Sakharov Prize: Opposition activist lashes out against dictatorship in Venezuela

Patricia Gutierrez. [Sarantis Michalopoulos]

The wife of a jailed Venezuelan opposition leader lashed out in the European Parliament against the “dictatorship” of the country’s leftist president, which she said has imprisoned the whole nation.

Patricia Gutierrez, who received this year’s Sakharov Prize awarded by the Parliament on behalf of her husband on Wednesday (13 December), admitted that the pro-US opposition in the Latin American country had its own extremists and was involved in several ghastly incidents.

Her husband Daniel Ceballos has been imprisoned by Nicolás Maduro’s government for almost four years. According to her, he has been sentenced without any trial or proof and is tortured in prison.

Ceballos is the former mayor of San Cristobal and a prominent opposition leader in Venezuela, a country with some of the biggest oil reserves in the world, which has been run by leftist anti-American leaders for two decades.

Venezuelan opposition gains Sakharov Prize for freedom of thought

The European Parliament decided on Thursday to award the Sakharov Prize for freedom of thought and human rights to the Venezuelan opposition, represented by the National Assembly, its president, Julio Borges, and opposition leaders Leopoldo López and Antonio Ledezma. EuroEFE reports.

“In general, Venezuelan people are also imprisoned. They lack medicines and basic supplies. They are prosecuted and chased by the Maduro dictatorship. Everyone who fights for freedom in Venezuela will be prosecuted,” Gutierrez told MEPs in Strasbourg.

She noted that the Maduro government was attacking the human rights and that the country is getting through a severe humanitarian crisis.

She stressed that 400,000 children were on the edge of famine, three million Venezuelans have fled the country and more than 400 political opponents have been imprisoned.

“There are also thousands who have been hurt either by tear gas or weapons and millions of people who lack basic medicines,” she said.

Opposition also has extremists

Last July,  two Maduro supporters were beaten severely by opposition backers, who then burnt them alive.

EURACTIV asked Gutierrez about those incidents to find out whether there are extremists in the opposition ranks.

“Any kind of movement like ours will have strong positions within it. We have some radical positions as well but we have always protested within the framework of the Constitution,” she replied.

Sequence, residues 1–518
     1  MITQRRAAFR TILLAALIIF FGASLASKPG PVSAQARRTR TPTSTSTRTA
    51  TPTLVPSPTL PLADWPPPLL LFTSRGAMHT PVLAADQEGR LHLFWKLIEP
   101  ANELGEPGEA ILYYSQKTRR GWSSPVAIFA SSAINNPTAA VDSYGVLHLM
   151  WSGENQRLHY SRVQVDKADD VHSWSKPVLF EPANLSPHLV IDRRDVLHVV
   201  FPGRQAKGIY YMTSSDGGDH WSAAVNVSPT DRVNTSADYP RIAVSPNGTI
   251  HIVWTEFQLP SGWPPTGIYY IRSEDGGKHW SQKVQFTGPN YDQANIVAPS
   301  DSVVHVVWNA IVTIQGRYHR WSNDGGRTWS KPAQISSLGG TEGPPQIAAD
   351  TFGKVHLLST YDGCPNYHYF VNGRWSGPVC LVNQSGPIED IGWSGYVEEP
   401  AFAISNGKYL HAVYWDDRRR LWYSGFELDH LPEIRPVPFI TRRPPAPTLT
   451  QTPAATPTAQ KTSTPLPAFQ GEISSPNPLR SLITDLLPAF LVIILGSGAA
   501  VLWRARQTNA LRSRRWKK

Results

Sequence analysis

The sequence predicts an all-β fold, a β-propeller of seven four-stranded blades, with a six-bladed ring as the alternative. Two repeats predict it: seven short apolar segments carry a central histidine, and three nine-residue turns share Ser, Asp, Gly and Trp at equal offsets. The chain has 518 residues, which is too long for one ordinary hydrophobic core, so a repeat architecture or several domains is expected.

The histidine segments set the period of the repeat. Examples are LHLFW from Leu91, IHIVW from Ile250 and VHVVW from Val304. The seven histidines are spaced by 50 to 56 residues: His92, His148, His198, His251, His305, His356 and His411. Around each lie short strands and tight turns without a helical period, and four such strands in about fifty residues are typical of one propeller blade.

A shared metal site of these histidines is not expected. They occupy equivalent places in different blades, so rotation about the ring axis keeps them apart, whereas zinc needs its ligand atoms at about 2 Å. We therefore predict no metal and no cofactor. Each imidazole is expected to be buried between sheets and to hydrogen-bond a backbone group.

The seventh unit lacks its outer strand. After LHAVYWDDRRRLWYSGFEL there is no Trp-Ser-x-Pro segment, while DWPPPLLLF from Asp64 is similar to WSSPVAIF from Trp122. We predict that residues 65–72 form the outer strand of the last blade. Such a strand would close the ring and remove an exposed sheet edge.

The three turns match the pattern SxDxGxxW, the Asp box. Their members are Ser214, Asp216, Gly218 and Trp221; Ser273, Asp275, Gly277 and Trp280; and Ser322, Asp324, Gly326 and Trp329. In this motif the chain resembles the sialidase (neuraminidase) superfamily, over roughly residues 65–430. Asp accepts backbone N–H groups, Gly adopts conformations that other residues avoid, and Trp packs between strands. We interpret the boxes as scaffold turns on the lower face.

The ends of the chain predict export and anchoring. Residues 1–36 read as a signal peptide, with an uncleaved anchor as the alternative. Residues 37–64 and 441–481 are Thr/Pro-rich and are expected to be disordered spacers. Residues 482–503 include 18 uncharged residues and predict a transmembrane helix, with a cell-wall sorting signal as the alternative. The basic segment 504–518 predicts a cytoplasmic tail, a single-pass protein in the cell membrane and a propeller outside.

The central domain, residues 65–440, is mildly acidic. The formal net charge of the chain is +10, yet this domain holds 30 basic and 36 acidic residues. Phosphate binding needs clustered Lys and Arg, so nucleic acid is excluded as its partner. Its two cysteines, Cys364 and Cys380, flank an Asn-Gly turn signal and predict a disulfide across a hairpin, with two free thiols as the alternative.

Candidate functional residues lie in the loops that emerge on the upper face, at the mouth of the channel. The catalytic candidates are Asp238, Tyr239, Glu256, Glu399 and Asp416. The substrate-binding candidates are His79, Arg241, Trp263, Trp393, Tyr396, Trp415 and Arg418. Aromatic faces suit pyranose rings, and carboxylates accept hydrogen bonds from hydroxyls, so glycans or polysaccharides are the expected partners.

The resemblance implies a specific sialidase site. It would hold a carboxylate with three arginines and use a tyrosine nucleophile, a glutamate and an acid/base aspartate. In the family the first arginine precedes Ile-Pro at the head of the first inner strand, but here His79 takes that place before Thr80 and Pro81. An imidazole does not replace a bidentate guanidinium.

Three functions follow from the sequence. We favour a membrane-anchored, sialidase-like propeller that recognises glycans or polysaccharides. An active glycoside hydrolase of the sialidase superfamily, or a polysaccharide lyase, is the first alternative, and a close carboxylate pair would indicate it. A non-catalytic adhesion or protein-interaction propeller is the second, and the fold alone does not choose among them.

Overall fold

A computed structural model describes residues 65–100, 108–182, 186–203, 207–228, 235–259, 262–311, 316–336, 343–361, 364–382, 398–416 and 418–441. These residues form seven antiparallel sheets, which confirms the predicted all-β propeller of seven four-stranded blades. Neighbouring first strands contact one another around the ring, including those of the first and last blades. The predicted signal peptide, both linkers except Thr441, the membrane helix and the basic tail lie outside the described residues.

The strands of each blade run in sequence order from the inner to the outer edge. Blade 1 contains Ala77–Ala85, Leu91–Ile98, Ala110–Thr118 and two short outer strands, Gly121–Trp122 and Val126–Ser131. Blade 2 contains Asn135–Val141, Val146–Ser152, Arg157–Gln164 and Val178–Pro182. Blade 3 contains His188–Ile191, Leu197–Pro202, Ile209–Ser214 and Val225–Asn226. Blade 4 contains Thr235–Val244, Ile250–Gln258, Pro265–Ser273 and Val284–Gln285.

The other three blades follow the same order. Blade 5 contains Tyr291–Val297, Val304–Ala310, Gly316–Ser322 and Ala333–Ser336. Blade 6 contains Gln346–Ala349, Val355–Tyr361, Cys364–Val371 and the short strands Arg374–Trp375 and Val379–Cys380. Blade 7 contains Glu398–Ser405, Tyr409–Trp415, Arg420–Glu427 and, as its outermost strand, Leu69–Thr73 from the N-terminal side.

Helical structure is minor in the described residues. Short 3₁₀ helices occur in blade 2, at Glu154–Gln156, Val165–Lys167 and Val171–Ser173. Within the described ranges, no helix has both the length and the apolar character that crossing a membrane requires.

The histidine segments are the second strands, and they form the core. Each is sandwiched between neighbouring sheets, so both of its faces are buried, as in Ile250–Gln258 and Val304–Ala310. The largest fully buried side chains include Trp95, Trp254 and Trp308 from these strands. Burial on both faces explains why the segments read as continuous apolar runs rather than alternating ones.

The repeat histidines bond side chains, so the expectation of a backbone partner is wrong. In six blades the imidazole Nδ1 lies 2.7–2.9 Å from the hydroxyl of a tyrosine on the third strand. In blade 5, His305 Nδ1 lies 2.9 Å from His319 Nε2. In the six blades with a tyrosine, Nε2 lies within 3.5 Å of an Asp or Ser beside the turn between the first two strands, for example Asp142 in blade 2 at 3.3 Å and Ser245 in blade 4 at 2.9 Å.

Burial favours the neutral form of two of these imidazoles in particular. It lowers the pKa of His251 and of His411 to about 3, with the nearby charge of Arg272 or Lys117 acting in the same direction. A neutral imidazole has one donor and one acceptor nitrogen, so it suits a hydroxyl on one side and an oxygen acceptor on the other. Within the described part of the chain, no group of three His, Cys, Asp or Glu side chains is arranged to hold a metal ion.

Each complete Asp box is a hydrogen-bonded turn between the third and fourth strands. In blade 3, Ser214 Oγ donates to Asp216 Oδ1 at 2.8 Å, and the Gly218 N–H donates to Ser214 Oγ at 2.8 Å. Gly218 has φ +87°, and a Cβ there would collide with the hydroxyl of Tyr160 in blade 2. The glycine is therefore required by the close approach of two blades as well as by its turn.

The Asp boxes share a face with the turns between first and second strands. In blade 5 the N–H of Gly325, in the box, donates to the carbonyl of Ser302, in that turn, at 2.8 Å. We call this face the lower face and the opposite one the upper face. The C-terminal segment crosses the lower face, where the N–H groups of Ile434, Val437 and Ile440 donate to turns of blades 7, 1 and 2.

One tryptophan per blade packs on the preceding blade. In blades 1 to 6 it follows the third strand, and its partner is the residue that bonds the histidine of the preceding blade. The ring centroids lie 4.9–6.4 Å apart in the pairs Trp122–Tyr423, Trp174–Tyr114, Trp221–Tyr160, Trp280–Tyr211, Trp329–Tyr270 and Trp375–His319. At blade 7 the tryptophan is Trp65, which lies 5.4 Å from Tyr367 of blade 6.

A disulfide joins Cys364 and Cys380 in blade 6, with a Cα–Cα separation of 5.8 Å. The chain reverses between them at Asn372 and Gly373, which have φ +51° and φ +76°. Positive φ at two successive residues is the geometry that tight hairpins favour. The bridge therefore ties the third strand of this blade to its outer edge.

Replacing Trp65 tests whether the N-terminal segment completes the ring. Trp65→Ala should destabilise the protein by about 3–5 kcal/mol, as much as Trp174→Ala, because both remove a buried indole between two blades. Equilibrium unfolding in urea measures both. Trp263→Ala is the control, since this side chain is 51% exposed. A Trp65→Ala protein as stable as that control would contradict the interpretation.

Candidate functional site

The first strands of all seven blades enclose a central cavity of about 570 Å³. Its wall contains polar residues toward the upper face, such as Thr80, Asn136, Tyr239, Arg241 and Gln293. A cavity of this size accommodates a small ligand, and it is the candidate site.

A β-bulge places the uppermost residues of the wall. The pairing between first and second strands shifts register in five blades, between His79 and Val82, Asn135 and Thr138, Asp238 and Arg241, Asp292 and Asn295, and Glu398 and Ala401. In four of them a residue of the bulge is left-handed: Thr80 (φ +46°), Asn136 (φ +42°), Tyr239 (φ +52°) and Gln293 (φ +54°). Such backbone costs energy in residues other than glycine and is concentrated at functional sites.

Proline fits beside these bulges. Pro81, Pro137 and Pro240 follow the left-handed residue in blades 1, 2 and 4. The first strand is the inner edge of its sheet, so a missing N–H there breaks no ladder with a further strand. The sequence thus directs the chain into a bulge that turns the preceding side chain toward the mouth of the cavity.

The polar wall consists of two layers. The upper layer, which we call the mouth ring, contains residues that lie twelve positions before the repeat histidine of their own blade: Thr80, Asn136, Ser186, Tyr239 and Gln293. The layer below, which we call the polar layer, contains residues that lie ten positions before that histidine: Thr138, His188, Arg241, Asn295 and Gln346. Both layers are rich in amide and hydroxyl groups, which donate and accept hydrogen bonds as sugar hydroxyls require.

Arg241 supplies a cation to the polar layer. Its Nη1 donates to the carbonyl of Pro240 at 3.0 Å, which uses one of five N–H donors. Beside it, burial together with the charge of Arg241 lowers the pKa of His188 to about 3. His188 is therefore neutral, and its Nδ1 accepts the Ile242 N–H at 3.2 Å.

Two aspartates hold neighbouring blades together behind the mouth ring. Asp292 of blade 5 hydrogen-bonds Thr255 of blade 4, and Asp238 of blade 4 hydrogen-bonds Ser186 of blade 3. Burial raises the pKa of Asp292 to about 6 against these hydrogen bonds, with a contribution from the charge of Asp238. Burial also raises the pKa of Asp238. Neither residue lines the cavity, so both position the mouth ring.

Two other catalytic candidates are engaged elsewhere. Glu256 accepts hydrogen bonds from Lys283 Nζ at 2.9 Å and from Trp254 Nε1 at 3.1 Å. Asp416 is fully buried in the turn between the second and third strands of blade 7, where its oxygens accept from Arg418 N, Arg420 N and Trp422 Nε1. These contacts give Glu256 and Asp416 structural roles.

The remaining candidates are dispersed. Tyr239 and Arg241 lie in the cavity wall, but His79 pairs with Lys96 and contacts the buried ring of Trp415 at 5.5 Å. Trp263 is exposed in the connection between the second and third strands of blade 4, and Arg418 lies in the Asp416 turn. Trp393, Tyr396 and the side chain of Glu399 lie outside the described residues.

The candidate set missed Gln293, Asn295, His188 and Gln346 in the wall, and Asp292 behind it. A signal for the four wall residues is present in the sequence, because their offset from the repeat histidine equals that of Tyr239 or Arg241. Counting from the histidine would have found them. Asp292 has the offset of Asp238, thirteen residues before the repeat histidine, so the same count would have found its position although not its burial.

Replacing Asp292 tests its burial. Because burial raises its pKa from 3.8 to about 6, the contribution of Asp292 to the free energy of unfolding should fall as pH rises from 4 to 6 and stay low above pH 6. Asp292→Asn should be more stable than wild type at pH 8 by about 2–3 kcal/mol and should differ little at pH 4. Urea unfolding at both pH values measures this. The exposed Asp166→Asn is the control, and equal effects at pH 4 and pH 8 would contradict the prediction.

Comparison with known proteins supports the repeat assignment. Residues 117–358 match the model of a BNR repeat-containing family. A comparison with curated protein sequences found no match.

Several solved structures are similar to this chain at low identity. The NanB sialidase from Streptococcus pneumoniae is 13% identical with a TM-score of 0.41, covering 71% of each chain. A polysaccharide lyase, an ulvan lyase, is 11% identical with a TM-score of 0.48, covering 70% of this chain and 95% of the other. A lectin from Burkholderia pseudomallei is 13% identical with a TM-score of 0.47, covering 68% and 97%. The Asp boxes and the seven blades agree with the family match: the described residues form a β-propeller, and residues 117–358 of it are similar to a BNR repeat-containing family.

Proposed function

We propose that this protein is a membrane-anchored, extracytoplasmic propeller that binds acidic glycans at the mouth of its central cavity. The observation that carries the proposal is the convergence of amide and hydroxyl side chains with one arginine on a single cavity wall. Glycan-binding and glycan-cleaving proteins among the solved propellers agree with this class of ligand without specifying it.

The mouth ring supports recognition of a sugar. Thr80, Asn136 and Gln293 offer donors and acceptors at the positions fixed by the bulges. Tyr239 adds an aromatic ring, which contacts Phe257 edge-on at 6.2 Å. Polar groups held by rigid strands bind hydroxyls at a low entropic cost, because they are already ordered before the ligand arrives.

But she admitted that such incidents had taken place, although she explained that most of the protests have been peaceful, like sit-downs in the middle of the street.

“I don’t want my movement to be known just for some isolated incidents.”

“We are deeply sorry for some violent events that took place in Venezuela. No matter what they come from. The government is using the army and the police to repress the people.”

Election

Asked about the opposition’s decision to abstain from the recent local election, Gutierrez cited unfair conditions.

“One cannot say that because there are elections, there is also democracy. It’s true that elections are a key element of democracies around the world and Maduro’s regime is not democratic.”

She noted that the authorities responsible for organising the election were not impartial and could not guarantee that the real will of the people can be heard and therefore asked for international observers from the US and the EU to monitor the situation.

US support is only ‘political’

Asked about the opposition’s relations with the US government, she replied, “All we had from Donald Trump was his political support. He expressed his opinion against Maduro and he has requested the release of the political prisoners.”

She said Maduro’s regime has often wrongfully claimed that the opposition is financed by right-wing parties in the US, mainly Trump’s Republicans.

“This is what populism does; they create a foreign enemy in order to divide internally the Venezuelan society. We have no other support from the US.”

Julio Borges, the president of Venezuela’s national assembly, had arranged a series of interviews with EU media, including with EURACTIV, but cancelled all of them on the same day.

Sources said he only held one interview with two Spanish-speaking media, believing that “Spain can mount pressure on the rest of EU member states”.

 

Venezuelan opposition leader: 'It is the freedom-fight of the 21st century'

Julio Borges, president of the Venezuelan parliament, is the only opposition leader who is not imprisoned among those shortlisted for this year’s edition of the Sakharov prize on freedom of thought. EURACTIV’s partner EuroEFE reports.